Mathematics Stack Exchange is a question and answer site for people studying math at any level and professionals in related fields. Join them; it only takes a minute:

Sign up
Here's how it works:
  1. Anybody can ask a question
  2. Anybody can answer
  3. The best answers are voted up and rise to the top

I'm wondering if the set of all rationals with denominators less than $10^6$ is closed in the real number system. I think it is not, so that's what I've been trying to prove. I've tried looking at its complement and showing that it is open, but I didn't progress much. My last resort is to show that there is a sequence of rationals in my set converging to an irrational number (or to a rational whose denominator is greater than $10^6$). The problem is, how do I ensure that all simplified fractions in my sequence will have denominator less than $10^6$?

share|cite|improve this question
up vote 16 down vote accepted

Hint: Let $N=\operatorname{lcm}\{1,2,3,\ldots,10^6\}$, and let our set be $$S=\{\tfrac{a}{b}\in\mathbb{Q}\mid 1\leq b\leq 10^6\}.$$

Consider the homeomorphism $f:\mathbb{R}\to\mathbb{R}$ defined by $f(x)=Nx$. Then $f(S)\subseteq\mathbb{Z}$.

share|cite|improve this answer
+1 that's wonderful! – user12014 Jul 6 '12 at 22:17
that's pretty smooth. thanx – The Substitute Jul 6 '12 at 22:30

Of course it's closed. Just blow it up by a factor of $(10^6)!$, and all its elements are integers.

share|cite|improve this answer
Nice, I missed the (on retrospect) clearest reason. – André Nicolas Jul 6 '12 at 23:44

Call our set $D$. We show that $D$ is closed by showing that the closure of $D$ is equal to $D$.

Any bounded set $B$ contains only finitely many elements of $D$. For suppose to the contrary that $B$ contains infinitely many elements of $D$. Since the number of denominators is finite, the number of numerators of elements of $B$ must be infinite, and therefore unbounded, making $B$ unbounded.

So if we take any real number $x$ not in $D$, there is an open interval about $x$ which does not contain any element of $D$. Thus $x$ cannot be in the closure of $D$.

share|cite|improve this answer
Aren't you really showing the complement is open directly? – Arturo Magidin Jul 6 '12 at 22:10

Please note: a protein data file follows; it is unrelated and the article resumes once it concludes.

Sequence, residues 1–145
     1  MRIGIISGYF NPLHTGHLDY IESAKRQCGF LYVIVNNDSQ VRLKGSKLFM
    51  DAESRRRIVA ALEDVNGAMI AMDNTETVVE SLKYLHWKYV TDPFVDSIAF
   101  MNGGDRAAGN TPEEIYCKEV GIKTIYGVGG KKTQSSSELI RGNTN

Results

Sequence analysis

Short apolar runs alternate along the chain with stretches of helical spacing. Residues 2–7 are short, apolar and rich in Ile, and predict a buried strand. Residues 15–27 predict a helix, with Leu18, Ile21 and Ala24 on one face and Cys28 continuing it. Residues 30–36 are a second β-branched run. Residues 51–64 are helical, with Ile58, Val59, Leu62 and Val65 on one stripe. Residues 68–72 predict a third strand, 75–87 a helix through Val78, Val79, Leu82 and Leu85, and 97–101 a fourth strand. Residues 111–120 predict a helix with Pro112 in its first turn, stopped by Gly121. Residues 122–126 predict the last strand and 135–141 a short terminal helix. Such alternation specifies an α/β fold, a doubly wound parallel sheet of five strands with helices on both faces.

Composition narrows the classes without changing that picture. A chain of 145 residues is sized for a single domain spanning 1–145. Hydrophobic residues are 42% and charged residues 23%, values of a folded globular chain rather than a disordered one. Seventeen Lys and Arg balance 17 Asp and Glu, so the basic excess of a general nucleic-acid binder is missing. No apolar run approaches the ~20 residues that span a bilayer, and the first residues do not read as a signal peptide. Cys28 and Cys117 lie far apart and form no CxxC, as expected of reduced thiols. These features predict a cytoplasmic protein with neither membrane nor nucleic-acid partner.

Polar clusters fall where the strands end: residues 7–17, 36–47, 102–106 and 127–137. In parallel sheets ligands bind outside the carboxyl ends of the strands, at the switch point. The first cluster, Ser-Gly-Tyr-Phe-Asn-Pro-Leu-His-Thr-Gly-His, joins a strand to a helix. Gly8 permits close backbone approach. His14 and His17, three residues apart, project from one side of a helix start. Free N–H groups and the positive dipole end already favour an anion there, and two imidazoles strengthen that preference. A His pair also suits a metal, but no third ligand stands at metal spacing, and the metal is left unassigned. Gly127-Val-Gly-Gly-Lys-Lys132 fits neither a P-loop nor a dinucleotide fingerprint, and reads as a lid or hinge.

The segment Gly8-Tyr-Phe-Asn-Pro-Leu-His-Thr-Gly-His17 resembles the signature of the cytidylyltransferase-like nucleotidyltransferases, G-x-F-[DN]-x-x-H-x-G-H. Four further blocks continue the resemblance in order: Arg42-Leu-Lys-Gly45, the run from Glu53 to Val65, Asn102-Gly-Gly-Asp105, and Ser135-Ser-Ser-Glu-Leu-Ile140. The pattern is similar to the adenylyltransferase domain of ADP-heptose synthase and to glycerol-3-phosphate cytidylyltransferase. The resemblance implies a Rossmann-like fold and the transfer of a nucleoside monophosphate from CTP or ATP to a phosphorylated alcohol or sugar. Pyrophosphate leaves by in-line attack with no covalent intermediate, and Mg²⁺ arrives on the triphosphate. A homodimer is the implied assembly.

@ Andre; by finite intervals, do you mean bounded? And how do you know there will not be infinitely many rationals with denominators less than $10^6$ in that interval? – The Substitute Jul 6 '12 at 22:11
Yes. I wanted to write along lines the OP had explored. – André Nicolas Jul 6 '12 at 22:11
If the set of denominators is finite, and our set of fractions is infinite, then there must be infinitely many numerators, making the set unbounded. – André Nicolas Jul 6 '12 at 22:14
@Broseph: Between $0$ and $1$, there are only finitely many such rationals. Therefore, between $n$ and $n+1$ (for $n$ an integer) there are only finitely many such rationals. Therefore, between $-n$ and $n$ ($n$ an integer), there are only fintiely many such rationals. – Arturo Magidin Jul 6 '12 at 22:15

Note that $D= \displaystyle \bigcup_{n=1}^{10^6} \frac{1}{n}\mathbb{Z}$. Each element of this union is closed since $\mathbb{Z}$ is closed and the map $x \mapsto \frac{x}{n}$ is a homeomorphism for all $n \ne 0$, and a finite union of closed sets is closed.

share|cite|improve this answer

Lemma: Suppose $X,Y\subseteq \mathbb R$, $X$ is finite and $Y$ is closed. Then the set $$X+Y:=\{x+y|x\in X, y\in Y\}$$ is closed.

Proof: Since $Y$ is closed, any sequence $(y_n)$ in $Y$ with limit in $\mathbb R$ has limit in $(y_n)$. For $x\in X$, any sequence in $\{x\}+Y$ is of the form $(x+y_n)$, and if $(x+y_n)$ has limit $x+y$ in $\mathbb R$ then $(y_n)$ has limit $y\in Y$, so $x+y\in \{x\}+Y$ hence $(x+y_n)$ has limit in $\{x\}+Y$. Thus $\{x\}+Y$ is closed. Since a finite union of closed sets is closed, it follows that $X+Y=\bigcup\limits_{x\in X} \{x\}+Y$ is closed.

Corollary: The set $\{a/b|a,b\in \mathbb Z, 0\leq b\leq 10^6\}$ is closed.

Proof: Note that $$\{a/b|a,b\in \mathbb Z, 0\leq b\leq 10^6\}=\{a/b|a,b\in \mathbb Z, 0\leq a\leq b\leq 10^6\}+\mathbb Z$$ and $\{a/b|a,b\in \mathbb Z, 0\leq a\leq b\leq 10^6\}$ is finite while $\mathbb Z$ is closed.

share|cite|improve this answer

Your Answer


By posting your answer, you agree to the privacy policy and terms of service.

Not the answer you're looking for? Browse other questions tagged or ask your own question.